New technique: practical procedure of robotic arm-assisted (MAKO) total hip arthroplasty
Surgical Technique

New technique: practical procedure of robotic arm-assisted (MAKO) total hip arthroplasty

Jianghui Qin, Zhihong Xu, Jin Dai, Dongyang Chen, Xingquan Xu, Kai Song, Dongquan Shi, Qing Jiang

Department of Sports Medicine and Adult Reconstructive Surgery, Drum Tower Hospital, School of Medicine, Nanjing University, Nanjing 210008, China

Correspondence to: Qing Jiang; Dongquan Shi. Department of Sports Medicine and Adult Reconstructive Surgery, Drum Tower Hospital, School of Medicine, Nanjing University, 321 Zhongshan Road, Nanjing 210008, China. Email: jiangqing112@hotmail.com; shidongquan1215@163.com.

Abstract: Robotic-arm facilitated orthopaedic surgeons perform individualized and precise arthroplasty surgery. This system (MAKO) has been recently introduced into China and conducted total hip arthroplasty in several central hospitals. The pre-operative preparation and surgical procedures, together with some precautions for surgery, are outlined here to familiarize this technique to the orthopaedic surgeons in China.

Keywords: Total hip arthroplasty; robotic surgery; MAKO


Submitted Jul 25, 2018. Accepted for publication Aug 31, 2018.

doi: 10.21037/atm.2018.09.30


Introduction

Proper prosthesis size selection and precise intraoperative prosthesis installation are key steps for a successful total hip arthroplasty. In traditional manual operation, prosthesis size selection was determined by presurgical templating and intraoperative adjustment. The templating procedure was performed on plain films. Therefore, it could be largely affected by the position of patients when taking radiography. Besides this, the intraoperative selection of prosthesis size and the accuracy of prosthesis installation largely relied on the surgeon’s experience.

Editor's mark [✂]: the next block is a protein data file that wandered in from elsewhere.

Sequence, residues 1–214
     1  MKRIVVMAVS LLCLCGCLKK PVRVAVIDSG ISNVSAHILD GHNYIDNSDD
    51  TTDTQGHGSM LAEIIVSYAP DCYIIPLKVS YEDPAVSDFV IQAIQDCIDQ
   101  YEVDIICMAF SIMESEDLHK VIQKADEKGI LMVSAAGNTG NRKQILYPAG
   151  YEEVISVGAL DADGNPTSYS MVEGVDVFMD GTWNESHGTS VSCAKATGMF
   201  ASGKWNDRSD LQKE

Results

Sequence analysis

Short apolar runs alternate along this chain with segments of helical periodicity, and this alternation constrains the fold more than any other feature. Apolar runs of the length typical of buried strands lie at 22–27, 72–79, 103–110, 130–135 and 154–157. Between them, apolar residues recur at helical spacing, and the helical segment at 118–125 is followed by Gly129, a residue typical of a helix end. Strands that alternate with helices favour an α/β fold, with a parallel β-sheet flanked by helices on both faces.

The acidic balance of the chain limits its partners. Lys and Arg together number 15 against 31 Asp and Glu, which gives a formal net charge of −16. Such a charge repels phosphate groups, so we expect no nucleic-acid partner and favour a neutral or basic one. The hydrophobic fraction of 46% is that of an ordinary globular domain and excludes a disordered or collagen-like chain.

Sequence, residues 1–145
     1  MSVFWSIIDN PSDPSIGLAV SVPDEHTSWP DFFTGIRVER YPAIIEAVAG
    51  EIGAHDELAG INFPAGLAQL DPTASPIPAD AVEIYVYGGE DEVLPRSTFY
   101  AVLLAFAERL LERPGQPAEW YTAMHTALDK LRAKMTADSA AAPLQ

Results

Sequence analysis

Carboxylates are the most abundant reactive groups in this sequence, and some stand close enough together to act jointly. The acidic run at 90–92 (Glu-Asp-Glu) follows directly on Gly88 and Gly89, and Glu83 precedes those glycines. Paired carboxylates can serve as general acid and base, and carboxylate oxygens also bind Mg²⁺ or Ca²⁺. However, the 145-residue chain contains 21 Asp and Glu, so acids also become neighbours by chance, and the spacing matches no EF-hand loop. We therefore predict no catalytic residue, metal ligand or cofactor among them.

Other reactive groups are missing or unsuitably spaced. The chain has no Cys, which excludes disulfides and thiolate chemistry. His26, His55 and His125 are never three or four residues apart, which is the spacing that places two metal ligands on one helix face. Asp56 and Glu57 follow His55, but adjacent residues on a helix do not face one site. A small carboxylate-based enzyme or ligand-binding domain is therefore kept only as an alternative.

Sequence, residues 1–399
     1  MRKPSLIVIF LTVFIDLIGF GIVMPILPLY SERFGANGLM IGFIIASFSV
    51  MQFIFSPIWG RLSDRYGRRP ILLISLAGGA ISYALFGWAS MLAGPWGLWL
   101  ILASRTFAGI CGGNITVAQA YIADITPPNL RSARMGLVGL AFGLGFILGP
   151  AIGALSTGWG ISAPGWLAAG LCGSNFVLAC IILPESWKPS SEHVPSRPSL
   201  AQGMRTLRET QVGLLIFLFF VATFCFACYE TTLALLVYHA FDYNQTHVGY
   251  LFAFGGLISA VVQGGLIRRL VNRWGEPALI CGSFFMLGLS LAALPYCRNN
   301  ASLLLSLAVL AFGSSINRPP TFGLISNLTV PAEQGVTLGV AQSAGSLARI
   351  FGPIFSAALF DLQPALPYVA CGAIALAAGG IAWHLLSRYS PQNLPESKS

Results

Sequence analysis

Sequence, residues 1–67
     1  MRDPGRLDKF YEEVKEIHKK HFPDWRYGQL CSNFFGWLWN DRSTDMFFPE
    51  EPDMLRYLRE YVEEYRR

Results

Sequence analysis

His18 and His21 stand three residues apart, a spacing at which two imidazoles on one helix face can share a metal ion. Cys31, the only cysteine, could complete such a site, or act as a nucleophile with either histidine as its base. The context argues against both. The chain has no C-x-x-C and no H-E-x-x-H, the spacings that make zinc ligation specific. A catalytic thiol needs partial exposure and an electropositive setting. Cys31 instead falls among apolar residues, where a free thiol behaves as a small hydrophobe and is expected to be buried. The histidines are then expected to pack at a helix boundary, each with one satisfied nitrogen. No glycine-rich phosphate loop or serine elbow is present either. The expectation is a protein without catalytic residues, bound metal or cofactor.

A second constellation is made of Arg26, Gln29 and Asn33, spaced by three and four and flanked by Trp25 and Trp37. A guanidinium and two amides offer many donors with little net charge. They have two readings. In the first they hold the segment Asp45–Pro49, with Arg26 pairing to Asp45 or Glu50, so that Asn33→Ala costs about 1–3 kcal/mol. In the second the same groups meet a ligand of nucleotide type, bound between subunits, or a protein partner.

Recently, precise arthroplasty facilitated by computer software and robotic-arm technology has been introduced to clinical work and welcomed by both orthopaedic surgeons and patients. This evolutionary technique has provided a real sense of patient-specific presurgical planning and extremely precise intraoperative control. Robotic-arm assisted THA has been reported to have higher accuracy in cup positioning, leg length and hip offset control (1), and is associated with improved patient satisfaction and reduced complications (2). Mock surgery can be performed on the 3-dimentional models established by CT images of each patient. The optimal orientation, depth and coverage of the acetabular component can be planned and checked by surgeons with the 3D model. Crucial information such as proper selected femoral component size, estimated leg length and offset of the hip joint compared with ipsilateral and contralateral lower extremity, is also provided by the scan (Figure 1). Further adjustments can be made based on this important information. Specifically, in surgery, procedures like the preparation of the bony interface and installation of the acetabular component, could be highly coordinated with pre-surgery planning. The post-operative management was not differed to the manual total hip arthroplasty.

Figure 1 The established 3D model based on patient’s CT data. Estimated hip length and offset compared to opposite hip and pre-operation hip joint was displayed.

Operative techniques

Patient selection

Most patients are suitable for MAKO robotic arm-assisted THA. However, patients with large bony defects will cause difficulties in prosthesis installation. Fused hip joints will also cause difficulties in establishing a surgical model. Patients with large periarticular osteophytes will also affect the precision of intraoperative ‘Registration’. These patients should be excluded very carefully.

Workup

Presurgical CT scans of both lower extremities should be acquired. The scanning procedure will be facilitated by MAKO product specialists (MPO). Essential blood tests, cardiac and pulmonary functional tests should also be performed.

Pre-operative preparation

The digital 3D bony models will be established by the manufacturer and imported into the software. The acetabular component should be selected according to the patients’ original size. The orientation and depth of cup should be carefully adjusted. Computer simulated results should be checked on the coronal, sagittal and transverse sections to ensure adequate coverage (Figure 2). Surgeons need to select the most appropriate prosthesis to restore leg length and offset the hip joint as needed. The distance between the neck cutting line to the lesser trochanter should be measured on the software to facilitate determining the neck height for the duration of the surgery.